Everything about the experience was surreal.
Richmond is a beautiful city. It’s a real city with a real city feel unlike that of Raleigh or Durham. Something about it felt historical, or perhaps I was just exhausted from the drive up and easily impressed by cool architecture.
Liturgy performed in Raleigh a couple nights before, but we’d decided to catch the all-ages Virginia show instead. It became something of an adventure, driving over a hundred miles to catch a live show in a small bar.
And by the time we headed back to North Carolina, we were both haunted by the majesty of what we witnessed at the Richmond Music Hall. Though the trip itself was tumultuous (read: exhausting, physically and mentally), it was ultimately worth it.
.gif from god
The first openers of the night, .gif from god are a 6-piece whitebelt screamo band. Based in Richmond, the band were comfortable on their home turf. It was interesting to see a “local” band play in an area that was foreign to me but familiar to many of the other attendees. There’s a special sort of liminality to such spaces.
I actually didn’t realize until they took the stage that the band’s members had been leisuring outside the venue when we arrived. That’s another thing I really like about smaller shows; you end up sharing the space with the artists rather than merely intersecting for a brief time and then moving on.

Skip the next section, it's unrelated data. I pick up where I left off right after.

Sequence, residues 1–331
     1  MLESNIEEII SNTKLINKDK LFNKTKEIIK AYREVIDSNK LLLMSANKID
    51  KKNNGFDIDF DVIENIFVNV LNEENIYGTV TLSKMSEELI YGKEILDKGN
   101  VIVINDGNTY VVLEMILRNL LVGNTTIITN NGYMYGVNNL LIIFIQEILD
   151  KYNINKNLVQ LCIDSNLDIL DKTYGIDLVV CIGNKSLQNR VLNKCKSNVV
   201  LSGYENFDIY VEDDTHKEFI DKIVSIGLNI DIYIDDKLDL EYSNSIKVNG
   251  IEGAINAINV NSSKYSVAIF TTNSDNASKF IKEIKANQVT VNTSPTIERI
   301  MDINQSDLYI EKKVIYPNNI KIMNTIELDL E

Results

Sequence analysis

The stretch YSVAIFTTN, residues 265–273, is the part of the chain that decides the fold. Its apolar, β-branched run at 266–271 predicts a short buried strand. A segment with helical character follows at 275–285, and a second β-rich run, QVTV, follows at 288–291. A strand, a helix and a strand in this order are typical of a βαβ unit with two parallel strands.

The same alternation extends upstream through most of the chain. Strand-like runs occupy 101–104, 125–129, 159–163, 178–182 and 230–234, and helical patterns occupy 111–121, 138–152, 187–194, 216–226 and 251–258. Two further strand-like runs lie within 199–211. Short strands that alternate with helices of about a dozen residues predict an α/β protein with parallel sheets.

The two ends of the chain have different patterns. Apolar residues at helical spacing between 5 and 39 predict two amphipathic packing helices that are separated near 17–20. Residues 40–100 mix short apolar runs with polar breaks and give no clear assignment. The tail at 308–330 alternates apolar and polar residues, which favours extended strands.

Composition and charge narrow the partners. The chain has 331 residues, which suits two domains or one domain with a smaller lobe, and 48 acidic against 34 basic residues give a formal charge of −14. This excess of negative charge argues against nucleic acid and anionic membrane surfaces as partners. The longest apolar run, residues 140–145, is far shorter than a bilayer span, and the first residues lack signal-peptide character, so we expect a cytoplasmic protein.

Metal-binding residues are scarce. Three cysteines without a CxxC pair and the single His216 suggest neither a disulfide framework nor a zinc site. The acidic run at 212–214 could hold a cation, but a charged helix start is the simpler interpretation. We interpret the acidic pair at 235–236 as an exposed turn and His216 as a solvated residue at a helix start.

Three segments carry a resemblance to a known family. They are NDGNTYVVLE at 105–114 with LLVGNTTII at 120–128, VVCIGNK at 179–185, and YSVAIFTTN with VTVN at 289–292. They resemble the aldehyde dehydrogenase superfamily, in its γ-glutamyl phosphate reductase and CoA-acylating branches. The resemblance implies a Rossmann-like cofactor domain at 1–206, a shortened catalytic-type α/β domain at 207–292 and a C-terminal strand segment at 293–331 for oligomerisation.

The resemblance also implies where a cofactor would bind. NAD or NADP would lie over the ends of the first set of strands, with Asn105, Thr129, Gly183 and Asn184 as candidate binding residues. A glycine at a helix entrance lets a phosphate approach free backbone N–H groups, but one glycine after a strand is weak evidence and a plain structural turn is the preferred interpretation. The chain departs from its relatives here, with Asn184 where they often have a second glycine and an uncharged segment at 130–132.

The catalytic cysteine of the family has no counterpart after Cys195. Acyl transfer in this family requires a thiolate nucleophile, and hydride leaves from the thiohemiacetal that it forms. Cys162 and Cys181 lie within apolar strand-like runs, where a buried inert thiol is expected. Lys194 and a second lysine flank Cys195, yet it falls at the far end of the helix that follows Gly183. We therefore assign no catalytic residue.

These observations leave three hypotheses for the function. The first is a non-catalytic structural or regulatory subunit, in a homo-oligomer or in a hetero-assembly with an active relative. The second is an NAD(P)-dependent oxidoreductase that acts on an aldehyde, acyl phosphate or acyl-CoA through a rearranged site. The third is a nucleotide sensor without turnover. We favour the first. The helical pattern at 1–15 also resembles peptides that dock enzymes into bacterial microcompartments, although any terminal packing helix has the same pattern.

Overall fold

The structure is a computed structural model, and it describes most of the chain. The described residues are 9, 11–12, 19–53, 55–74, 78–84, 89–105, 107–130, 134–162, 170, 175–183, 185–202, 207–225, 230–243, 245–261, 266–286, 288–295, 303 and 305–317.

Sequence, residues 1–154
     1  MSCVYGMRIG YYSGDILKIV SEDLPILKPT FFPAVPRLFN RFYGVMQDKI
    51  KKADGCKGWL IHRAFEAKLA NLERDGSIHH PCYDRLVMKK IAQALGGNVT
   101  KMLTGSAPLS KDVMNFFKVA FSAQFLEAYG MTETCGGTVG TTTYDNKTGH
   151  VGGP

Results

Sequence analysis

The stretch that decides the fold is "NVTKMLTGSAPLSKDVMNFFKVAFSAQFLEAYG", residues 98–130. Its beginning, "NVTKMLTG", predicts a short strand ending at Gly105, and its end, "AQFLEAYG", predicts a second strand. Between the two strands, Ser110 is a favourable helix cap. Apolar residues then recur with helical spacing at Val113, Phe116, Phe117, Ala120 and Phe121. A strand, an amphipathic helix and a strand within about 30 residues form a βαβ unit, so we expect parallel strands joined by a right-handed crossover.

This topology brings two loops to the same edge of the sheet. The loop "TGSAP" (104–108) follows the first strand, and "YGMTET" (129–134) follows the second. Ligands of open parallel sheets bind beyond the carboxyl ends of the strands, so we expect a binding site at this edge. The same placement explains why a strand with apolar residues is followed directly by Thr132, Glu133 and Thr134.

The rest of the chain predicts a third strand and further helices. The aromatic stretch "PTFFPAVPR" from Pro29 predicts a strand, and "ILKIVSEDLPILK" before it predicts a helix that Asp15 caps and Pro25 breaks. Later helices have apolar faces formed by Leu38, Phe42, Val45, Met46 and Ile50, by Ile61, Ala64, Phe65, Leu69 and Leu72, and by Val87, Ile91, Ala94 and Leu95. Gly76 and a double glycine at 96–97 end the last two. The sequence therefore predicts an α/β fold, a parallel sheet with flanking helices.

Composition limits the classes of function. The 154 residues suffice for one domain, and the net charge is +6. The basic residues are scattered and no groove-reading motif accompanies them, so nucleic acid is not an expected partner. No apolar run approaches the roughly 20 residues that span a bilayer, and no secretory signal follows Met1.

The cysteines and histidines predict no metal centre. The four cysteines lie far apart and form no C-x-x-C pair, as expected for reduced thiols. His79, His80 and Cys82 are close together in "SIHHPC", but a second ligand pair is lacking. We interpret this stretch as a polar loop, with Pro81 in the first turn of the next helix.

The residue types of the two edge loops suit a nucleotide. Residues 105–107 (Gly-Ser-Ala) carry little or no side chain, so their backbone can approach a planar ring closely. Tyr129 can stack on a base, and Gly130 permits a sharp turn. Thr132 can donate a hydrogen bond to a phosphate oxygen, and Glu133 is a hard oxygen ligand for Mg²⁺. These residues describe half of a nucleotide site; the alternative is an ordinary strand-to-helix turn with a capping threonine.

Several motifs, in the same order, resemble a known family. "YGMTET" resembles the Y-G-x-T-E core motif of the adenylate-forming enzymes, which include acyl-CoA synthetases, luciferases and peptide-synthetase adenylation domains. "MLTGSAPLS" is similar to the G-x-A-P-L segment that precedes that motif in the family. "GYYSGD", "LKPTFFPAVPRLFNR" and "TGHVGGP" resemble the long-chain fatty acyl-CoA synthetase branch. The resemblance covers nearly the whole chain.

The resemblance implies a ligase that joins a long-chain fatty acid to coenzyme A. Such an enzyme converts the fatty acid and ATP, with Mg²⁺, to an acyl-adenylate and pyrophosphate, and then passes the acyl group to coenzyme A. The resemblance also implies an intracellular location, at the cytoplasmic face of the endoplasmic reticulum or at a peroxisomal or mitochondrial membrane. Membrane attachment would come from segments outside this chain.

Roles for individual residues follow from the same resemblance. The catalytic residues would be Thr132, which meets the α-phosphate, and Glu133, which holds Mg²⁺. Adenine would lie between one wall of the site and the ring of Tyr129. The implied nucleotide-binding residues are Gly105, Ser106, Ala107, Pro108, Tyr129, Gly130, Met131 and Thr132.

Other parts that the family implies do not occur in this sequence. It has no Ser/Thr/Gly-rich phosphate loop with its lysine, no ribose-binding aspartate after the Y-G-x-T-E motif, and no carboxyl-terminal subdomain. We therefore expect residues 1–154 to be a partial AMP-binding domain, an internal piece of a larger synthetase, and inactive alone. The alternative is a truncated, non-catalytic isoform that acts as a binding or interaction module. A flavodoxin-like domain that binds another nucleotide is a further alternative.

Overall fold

.gif from god was ravenous. Between the distorted guitar, brutal drums and virulent vocals, the room became something of a hornet’s nest. Even when the bassist snapped a string and was forced to briefly play without it, the band (and audience) never lost its energy.
Things became so unrestrained at points that several audience members took to the pit to gesticulate wildly in a frenzy of fists and feet. By the end of the set, my neck was sore and my heart was beating ferociously.
The HIRS Collective
The first thing I noticed about The HIRS Collective was the magnitude of amps they set up onstage. Like some kind of IRL tetris, the assemblage mystified the audience. I can remember hearing people behind me comment on the likelihood of long-term hearing loss following this set, and I was glad I’d brought my earplugs.
The HIRS Collective, based in Philadelphia, dedicate themselves to the defense and celebration of “any and all folks who have to constantly face violence, marginalization and oppression.”
They made this fact abundantly clear as they prefaced their set by dedicating their work to all trans women who exist, have existed and will exist.
The HIRS Collective delivered a unique and heavy performance, blending disco-inspired dance music such as Whitney Houston’s “I Wanna Dance With Somebody” with visceral metal vocals. As expected of a queercore band, The HIRS Collective was unabashedly hardcore and unafraid to have fun onstage.
I’m not sure if I will ever again have the privilege of witnessing a room of metalheads hesitantly headbang to Whitney Houston.
Liturgy is a “yearning, transcendental” black metal band from Brooklyn. Headed by vocalist and guitarist Haela Ravenna Hunt-Hendrix, Liturgy is both a musical project and a work of experimental, theologic art.
Upbeat strains of guitar and bass coalesce with Hendrix’s icy screams, creating something that punctuates the concept of music as an experience.
The show was ritualistic. Moving to the music was like moving in accordance with a divine heartbeat. The audience became a single entity, thrumming rhythmically like a complex piece of machinery, waxing and waning like seagrass buffeted by the tides.
Such is the effect of Liturgy’s music, self-described as “[existing] in the space between metal, experimental, classical music and sacred ritual.”